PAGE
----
At the end of 2020, uncertainty surrounding the near-term economic outlook remained elevated, as a second wave in new virus cases in the US and Europe at the onset of winter increased the likelihood that renewed virus containment measures would challenge the nascent global economic recovery. These events influenced QMA’s long-term asset class forecasts in their Q1 2021 Capital Market Assumptions (CMAs), which provide 10-year expectations for the most widely held equity, fixed income and non-traditional asset classes. They are the product of a highly systematic process for generating consistent projections across the capital markets, underpinning the team’s long-run outlook for strategic allocations in multi-asset portfolios.
Vaccination Efforts Promote Economic Activity
Based on their forward-looking views of economic growth and inflation for 16 nations, QMA forecasts the global economy to rebound strongly in the near term, while long-term growth continues to moderate. Expectations are for a surge in the second half of 2021 as vaccination efforts to control the COVID-19 pandemic allow for a wider range of economic activity.
Longer-term economic growth in developed economies is expected to be led by Australia and other countries with younger populations and more liberal immigration policies. Labor forces are expected to contract in Japan and parts of Western Europe where growth is slowest. Inflation in developed markets to increase modestly over the next decade, ranging from a forecast 2.2% annual rate in Australia to a low of 0.9% in Japan. Emerging markets, however, are expected to produce real economic growth and inflation at annualized rates of 4.6% and 2.5%, respectively, driven by younger populations and higher rates of return on capital.
Figure 1: 10-Year Forecast Returns and Volatility
Source: QMA as of 12/31/2020. There can be no assurance that the forecasts will be achieved. Please see additional disclosures at the end of this document.
Evolution of Market Outlook
Economic expansion in the US ended abruptly in the first quarter of 2020. Lasting 126 months, it was the longest expansion in the postwar period, if also one of the weakest, as measured by average real GDP growth. Against this backdrop, equity markets performed strongly, with the MSCI World Index delivering annual returns of 11.1% in the 10-year period following the end of the last recession through the end of 2019. US equities fared even better, with the S&P 500 Index advancing at a 14.5% annualized rate.
In contrast, QMA’s long-term capital market assumptions for global equities over the last decade have gradually come down, unchanged from last quarter at 6.4%. Forecasts for global fixed income assets have also declined broadly over the last 10 years, primarily attributable to historic declines in underlying sovereign interest rates and an estimated $17 trillion in negative-yielding debt as of December 31, 2020.
Long-term equity forecasts include income, growth and value considerations.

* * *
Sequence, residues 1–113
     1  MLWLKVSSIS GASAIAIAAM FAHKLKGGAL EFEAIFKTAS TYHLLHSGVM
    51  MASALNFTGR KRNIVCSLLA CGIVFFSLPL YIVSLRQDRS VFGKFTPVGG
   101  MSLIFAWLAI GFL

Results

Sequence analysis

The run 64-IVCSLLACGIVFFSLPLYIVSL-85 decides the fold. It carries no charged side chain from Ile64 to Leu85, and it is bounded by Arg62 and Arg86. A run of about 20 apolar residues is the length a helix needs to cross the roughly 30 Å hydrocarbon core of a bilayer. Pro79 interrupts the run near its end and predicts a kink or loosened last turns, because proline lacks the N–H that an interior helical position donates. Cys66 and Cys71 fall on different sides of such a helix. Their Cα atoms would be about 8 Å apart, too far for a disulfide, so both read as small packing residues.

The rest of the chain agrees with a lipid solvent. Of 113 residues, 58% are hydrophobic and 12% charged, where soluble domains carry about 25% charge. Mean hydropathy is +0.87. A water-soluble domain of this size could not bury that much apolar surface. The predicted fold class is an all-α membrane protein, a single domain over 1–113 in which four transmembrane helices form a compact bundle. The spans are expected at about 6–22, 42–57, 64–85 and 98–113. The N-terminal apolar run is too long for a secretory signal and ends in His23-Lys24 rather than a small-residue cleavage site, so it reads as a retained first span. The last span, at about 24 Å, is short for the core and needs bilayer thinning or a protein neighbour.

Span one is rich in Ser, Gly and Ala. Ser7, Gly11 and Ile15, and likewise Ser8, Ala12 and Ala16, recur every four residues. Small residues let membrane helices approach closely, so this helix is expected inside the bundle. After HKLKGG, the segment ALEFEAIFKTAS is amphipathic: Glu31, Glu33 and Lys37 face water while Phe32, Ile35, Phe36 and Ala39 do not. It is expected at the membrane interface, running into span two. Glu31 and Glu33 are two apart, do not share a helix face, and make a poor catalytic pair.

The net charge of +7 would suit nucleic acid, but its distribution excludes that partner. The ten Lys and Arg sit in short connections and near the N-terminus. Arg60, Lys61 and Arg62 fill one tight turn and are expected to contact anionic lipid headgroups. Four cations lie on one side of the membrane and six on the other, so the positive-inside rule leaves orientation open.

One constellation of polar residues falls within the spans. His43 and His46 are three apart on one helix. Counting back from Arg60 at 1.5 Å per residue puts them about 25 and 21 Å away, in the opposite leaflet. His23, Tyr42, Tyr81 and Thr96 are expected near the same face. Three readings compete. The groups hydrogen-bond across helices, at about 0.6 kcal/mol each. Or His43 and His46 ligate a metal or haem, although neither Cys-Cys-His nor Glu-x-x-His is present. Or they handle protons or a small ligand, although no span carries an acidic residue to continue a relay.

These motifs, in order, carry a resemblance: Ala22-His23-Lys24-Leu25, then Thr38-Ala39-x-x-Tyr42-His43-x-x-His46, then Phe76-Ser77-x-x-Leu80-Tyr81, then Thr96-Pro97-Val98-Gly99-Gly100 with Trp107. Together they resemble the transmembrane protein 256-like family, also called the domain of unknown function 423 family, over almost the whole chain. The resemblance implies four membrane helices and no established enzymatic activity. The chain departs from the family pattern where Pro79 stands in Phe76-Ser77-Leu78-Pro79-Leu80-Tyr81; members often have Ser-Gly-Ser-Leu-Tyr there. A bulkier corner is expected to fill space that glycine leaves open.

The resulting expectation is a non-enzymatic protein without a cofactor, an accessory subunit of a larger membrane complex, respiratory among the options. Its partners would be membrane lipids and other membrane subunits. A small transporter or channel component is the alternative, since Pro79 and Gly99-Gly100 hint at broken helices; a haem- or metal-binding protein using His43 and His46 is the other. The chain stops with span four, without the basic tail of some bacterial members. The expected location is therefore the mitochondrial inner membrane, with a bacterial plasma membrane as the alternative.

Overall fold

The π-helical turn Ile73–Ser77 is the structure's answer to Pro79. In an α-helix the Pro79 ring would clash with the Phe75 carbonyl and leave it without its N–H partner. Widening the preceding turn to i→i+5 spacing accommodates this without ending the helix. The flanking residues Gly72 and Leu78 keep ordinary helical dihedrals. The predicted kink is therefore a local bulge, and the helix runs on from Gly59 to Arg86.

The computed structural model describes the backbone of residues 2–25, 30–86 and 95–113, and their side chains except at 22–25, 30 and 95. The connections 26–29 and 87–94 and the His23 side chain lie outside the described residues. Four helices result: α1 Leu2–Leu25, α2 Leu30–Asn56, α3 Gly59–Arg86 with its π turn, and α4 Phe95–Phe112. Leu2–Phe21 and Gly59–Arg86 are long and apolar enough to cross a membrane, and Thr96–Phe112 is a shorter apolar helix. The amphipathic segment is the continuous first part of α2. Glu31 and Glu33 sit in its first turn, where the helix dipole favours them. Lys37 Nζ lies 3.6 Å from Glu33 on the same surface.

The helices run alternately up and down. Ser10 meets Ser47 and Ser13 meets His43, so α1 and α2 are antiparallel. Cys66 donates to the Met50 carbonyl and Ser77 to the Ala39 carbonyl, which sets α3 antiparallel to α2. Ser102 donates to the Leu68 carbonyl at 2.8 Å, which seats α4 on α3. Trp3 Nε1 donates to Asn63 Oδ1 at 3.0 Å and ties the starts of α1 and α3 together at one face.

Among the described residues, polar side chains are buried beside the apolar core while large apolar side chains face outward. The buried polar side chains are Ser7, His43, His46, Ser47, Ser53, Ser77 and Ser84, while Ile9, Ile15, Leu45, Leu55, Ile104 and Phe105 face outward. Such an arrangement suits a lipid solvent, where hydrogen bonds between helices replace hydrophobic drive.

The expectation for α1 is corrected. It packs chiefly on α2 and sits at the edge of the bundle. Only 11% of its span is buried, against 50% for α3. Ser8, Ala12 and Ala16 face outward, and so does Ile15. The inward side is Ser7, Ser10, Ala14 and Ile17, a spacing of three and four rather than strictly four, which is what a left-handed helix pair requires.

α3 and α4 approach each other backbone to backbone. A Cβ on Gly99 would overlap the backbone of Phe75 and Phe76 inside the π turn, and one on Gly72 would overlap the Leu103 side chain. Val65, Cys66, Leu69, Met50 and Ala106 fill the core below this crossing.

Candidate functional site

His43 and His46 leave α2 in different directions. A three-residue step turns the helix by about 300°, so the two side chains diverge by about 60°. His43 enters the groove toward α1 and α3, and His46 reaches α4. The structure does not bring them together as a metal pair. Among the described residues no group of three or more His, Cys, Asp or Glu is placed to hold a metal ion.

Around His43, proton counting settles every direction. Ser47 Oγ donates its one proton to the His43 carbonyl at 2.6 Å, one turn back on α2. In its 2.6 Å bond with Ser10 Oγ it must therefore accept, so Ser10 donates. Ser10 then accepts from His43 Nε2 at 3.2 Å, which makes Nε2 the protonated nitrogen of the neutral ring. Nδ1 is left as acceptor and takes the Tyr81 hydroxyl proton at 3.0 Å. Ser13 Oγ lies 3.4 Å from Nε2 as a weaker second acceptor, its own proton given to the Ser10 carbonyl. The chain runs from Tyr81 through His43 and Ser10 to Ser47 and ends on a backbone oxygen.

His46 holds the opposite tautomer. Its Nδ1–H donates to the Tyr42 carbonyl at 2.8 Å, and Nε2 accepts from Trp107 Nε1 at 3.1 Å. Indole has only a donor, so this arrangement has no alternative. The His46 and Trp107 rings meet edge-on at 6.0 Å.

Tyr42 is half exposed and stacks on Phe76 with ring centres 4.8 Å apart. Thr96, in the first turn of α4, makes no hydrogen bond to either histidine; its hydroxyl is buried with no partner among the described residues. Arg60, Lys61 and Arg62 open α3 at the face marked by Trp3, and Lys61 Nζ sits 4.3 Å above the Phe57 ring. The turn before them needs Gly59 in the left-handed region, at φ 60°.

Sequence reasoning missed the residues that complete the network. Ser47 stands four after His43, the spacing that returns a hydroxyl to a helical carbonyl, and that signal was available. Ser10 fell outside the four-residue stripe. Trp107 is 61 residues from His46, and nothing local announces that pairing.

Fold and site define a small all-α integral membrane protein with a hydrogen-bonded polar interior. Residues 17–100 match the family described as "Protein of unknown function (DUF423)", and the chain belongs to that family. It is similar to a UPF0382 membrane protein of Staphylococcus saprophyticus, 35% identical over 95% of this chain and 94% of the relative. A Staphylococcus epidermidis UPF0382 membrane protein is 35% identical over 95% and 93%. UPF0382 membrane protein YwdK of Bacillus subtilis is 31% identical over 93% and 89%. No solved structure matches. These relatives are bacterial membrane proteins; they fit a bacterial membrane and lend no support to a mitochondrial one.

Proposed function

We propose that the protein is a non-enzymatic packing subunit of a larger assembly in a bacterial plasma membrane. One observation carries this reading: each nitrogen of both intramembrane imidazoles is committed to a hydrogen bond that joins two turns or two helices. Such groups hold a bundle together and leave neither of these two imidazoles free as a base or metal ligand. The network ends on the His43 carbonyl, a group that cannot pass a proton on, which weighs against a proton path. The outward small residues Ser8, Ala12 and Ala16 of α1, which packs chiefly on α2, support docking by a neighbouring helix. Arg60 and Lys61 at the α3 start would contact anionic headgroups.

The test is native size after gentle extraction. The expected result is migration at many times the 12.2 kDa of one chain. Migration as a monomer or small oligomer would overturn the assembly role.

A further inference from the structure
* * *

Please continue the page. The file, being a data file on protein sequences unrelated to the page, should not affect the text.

Consistent with historical precedent and assuming the continuation of current dividend taxation regimes, we expect US income returns coming from share buybacks, equal to about 1.9% in QMA’s long-term forecasts. Outside of the US, the expected impact of net buybacks in developed is anticipated to be a much more modest 0.1%. For emerging markets, an expected drag on income returns from net share issuance is forecast at 0.7%.
QMA’s growth and inflation assumptions have been adjusted higher from the previous quarter along with forecasts that the global economy will rebound from the COVID-19 downturn. The 10-year forecast for US real annualized GDP growth is now 2.1%, with 2.2% for inflation translating to an earnings growth component of 4.3%. In developed markets outside the US, the 10-year expectation for real GDP growth is 1.8%, while inflation is expected to average 1.4%, providing nominal earnings growth of 3.2%, an increase of 0.9% from our forecast the previous quarter. Higher nominal GDP growth in emerging markets relative to developed markets is expected to result in long-run nominal earnings growth of 7.1%.
Less attractive valuations resulted in a net negative adjustment for global equities in general since the end of the third quarter. Among developed markets, the US maintains a negative expected long-term valuation adjustment of -1.8% annually, attributable to historically elevated valuation ratios. Developed equities outside the US, in contrast, are expected to benefit by 0.7% annually, given what are relatively cheap historical valuation ratios. Emerging markets equity returns are forecast to be 0.5% per year lower on negative valuation adjustments.
Global Fixed Income
Yields for the US Treasury Index are expected to rise modestly over the next 10 years, resulting in a negative valuation adjustment and an expected return of 0.9%, an increase of 0.1% from the end of the third quarter.
Developed market government bonds outside the US are forecast to return less over the next decade, given lower initial yields and a negative valuation adjustment, as yields are expected to rise over the forecast horizon. Long-run returns in non-US global developed market government bonds for a US investor are forecast at 0.7% on an unhedged basis and 0.3% on a hedged basis, given the differentials in forecast short-term interest rates.
Real Assets Positioned to Perform Well
QMA’s Global Multi-Asset Solutions team restored positive expectations for REITs in the first quarter of 2021. Their outlook for the sector is much improved, with an assumption that a good portion of the adjustment in dividends has played out. Long-run forecasts for US and global REITs are now 6.8% and 6.7%, respectively.
The team anticipates returns of 1.4% in commodities, primarily attributable to an increased expected spot return over cash premium. Rounding out real assets, US TIPS are expected to return 1.0%, unchanged from last quarter.